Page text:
They run into Dunbar’s Number. I use Dunbar’s Number here as a heuristic, describing the mental limit we each have to stay in top of what others are working on. With traditional means of engaging in collaborative work, the Metcalfe’s Law advantages of information diversity are limited by our Dunbar’s Number ability to keep up with the new connections.

This graph describes the issue, and SMBs’ opportunity:

Up to a certain point, employees can stay on top of what their colleagues are working on, and interact relatively easily. Is this up to 150 employees? Maybe. As Danah Boyd noted about Dunbar’s Number:

He found that the MAXIMUM number of people that a person could keep up with socially at any given time, gossip maintenance, was 150. This doesn’t mean that people don’t have 150 people in their social network, but that they only keep tabs on 150 people max at any given point.

150 is a maximum number. Meaning for many of us it’s less. And I’d argue, in a work context, where we’re busy delivering on the daily tasks that define our jobs, it’s an even lower theoretical maximum.

Which means at some point, small businesses begin to lose out on those information advantages when they rely only on traditional collaborative work modes. In the graph above, that’s the part of the graph where Dunbar’s Number crosses over Metcalfe’s Law.

Call it the Metcalfe’s Law Opportunity Gap.

At that point, companies need to look at systems that allow employees to share and filter information, and to interact with others outside their daily sphere of contacts. To access non-redundant information and points of view.

This is a problem well-known to large organizations. It also applies to SMBs as well. It’s why they need social software at a certain point in their growth trajectory.

This is an important issue for innovation. So many of these employees will have front line customer and supplier experience, and ideas for the business. But visibility on these ideas will get harder and harder as the firm grows.

If this area interests you, check out WE by Spigit. Social software for SMBs.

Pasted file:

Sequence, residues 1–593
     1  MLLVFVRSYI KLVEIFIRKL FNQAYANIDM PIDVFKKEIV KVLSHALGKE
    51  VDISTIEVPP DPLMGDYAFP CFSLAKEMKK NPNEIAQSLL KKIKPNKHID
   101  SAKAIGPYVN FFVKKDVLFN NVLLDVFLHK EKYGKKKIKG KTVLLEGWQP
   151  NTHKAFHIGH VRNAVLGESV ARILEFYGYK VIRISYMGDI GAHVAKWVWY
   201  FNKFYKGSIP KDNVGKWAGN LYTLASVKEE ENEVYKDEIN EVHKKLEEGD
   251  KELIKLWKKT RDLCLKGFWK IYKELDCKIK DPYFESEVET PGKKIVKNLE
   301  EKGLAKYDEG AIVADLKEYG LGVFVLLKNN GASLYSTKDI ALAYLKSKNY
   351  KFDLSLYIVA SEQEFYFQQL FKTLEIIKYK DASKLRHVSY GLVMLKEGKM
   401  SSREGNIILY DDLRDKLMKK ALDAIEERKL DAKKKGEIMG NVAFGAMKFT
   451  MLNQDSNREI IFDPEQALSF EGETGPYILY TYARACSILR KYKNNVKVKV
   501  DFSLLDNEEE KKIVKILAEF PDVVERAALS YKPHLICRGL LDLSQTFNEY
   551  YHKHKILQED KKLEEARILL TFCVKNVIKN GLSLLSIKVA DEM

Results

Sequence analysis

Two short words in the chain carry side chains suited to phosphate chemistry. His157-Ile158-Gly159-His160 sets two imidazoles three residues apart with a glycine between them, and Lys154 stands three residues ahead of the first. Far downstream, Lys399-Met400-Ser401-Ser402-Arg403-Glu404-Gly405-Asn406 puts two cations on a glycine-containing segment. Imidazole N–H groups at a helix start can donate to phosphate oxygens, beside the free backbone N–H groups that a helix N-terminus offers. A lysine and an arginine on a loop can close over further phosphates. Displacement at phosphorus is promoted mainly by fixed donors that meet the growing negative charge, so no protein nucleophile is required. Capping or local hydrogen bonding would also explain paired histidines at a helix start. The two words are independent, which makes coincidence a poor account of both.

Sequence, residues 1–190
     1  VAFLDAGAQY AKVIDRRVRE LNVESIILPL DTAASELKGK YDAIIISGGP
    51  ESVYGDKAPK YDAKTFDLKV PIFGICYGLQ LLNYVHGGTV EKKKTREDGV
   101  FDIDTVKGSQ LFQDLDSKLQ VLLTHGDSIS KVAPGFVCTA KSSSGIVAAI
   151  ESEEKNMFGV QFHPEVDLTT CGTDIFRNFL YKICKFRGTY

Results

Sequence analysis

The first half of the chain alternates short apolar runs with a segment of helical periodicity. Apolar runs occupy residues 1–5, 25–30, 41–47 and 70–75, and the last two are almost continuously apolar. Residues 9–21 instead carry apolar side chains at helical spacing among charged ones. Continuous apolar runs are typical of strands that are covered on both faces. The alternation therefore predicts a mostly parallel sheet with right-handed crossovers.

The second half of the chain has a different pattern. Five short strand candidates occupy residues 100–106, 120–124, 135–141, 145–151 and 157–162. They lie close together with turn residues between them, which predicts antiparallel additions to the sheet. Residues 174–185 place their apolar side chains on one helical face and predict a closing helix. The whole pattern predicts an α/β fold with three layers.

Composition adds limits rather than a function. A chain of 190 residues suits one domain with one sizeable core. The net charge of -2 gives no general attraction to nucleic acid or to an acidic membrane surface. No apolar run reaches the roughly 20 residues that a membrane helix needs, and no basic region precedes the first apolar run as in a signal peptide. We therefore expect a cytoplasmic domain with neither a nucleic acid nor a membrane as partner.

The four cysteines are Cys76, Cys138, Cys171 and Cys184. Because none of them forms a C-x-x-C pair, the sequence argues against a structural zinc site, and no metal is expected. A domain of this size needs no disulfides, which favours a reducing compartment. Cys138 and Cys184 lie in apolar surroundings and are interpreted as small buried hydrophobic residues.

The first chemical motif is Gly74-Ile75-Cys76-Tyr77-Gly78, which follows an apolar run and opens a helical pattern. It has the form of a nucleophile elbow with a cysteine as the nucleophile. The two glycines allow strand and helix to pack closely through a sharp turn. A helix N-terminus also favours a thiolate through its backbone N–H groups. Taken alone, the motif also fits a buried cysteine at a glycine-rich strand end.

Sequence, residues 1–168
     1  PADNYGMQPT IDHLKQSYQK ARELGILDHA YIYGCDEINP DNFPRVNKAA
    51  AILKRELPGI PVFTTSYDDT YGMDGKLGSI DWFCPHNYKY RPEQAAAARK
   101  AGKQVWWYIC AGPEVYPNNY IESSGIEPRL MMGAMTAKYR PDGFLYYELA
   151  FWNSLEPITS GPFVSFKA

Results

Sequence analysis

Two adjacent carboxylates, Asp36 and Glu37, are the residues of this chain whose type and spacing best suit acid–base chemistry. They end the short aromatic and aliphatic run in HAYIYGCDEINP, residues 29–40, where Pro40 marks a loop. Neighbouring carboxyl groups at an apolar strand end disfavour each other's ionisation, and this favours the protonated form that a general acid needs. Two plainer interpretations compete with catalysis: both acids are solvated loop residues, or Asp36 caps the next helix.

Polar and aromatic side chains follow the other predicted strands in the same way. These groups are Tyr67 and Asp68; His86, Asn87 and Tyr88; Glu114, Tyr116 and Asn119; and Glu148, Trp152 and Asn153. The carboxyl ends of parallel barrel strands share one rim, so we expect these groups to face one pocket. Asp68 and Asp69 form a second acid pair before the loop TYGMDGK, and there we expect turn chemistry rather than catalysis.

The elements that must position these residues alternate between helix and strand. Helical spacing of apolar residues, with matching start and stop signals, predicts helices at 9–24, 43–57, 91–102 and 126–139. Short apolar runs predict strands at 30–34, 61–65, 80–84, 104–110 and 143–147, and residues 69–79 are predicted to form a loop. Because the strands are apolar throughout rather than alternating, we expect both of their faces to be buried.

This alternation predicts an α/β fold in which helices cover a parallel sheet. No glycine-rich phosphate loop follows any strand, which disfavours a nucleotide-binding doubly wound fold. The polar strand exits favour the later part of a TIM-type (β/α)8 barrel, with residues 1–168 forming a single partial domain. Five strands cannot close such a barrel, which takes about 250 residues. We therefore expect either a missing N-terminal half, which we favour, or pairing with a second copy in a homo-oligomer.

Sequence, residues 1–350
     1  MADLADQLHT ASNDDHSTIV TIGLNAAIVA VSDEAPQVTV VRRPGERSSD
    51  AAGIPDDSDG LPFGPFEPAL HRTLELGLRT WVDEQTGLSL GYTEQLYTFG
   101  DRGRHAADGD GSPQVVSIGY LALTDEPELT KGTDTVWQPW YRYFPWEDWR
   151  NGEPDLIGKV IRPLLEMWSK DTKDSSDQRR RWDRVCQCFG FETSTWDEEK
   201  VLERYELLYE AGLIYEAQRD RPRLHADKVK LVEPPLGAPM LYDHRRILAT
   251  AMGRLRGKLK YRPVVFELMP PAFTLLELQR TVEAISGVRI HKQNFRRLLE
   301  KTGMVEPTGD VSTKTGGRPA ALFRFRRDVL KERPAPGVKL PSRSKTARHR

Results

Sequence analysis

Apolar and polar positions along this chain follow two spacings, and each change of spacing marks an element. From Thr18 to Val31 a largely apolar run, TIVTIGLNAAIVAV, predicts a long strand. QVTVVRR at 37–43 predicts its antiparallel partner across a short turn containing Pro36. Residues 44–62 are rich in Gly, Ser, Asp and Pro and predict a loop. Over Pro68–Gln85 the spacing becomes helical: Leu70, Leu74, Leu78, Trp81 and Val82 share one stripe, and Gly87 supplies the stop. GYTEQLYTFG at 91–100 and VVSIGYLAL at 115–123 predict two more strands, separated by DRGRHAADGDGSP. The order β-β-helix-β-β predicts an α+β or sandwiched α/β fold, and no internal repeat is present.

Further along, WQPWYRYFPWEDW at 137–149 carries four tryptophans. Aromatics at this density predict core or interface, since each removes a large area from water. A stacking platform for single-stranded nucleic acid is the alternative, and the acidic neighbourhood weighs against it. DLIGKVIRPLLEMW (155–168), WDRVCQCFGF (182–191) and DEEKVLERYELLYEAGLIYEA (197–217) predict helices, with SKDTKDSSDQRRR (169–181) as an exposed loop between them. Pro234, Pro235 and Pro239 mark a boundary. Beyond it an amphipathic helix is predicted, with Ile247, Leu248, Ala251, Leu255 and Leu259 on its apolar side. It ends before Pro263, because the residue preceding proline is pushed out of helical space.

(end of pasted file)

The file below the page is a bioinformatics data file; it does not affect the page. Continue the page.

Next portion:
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My Ten Favorite Tweets – Week Ending 022709

From the home office in Denver, Colorado…

#1: Please, I don’t want your automated DMs after I follow you. This practice needs to stop. I never click your links, it’s just spam.

#2: To all you social media whales doing the mass unfollow routine, I say: “Go ahead, make my day.” Got my unfollow trigger finger ready.

#3: Reading @loic post about the realities of following thousands http://bit.ly/CR6A9 Future = Dunbar’s Number + @replies + keyword tracking?

#4: Yammer rolls out new features: lifestreaming a la FriendFeed, and DM like Twitter. VentureBeat: http://bit.ly/qamnq

#5: “Discovering problems actually requires as much creativity as discovering solutions” The Myths of Innovation, Scott Berkun

#6: Innovation myth inside companies: “if the idea were any good, the people at the top would have thought of it already.” http://bit.ly/CfPgl

#7: FriendFeed guys have created the FriendFeed Therapy Room, featuring Eliza http://bit.ly/LseaI See if you can get past her therapist tenacity

#8: Do you suppose accident rates are down in California now that we’ve banned cell phones in the car? Do you feel safer?

#9: My favorite Jelly Belly beans: 1. coffee 2. watermelon. My 4.y.o. son Harrison: smelly skunk (betcha didn’t know about that one). You?

#10: Driving down 101, behind this car. Smelled an odd sweet odor that I recognized. Pass the car minutes later, sure enough dude had a fat one.

The Serendipity of Attention

In the recent post Forget Dunbar’s Number, Our Future Is in Scoble’s Number, commenter Adam Metz wrote:

H-Dog,

Maybe I’m missing something, but where’s your definition of Attention? Can you add it in to the second or third paragraph? Good idea, but a little rough around the edges.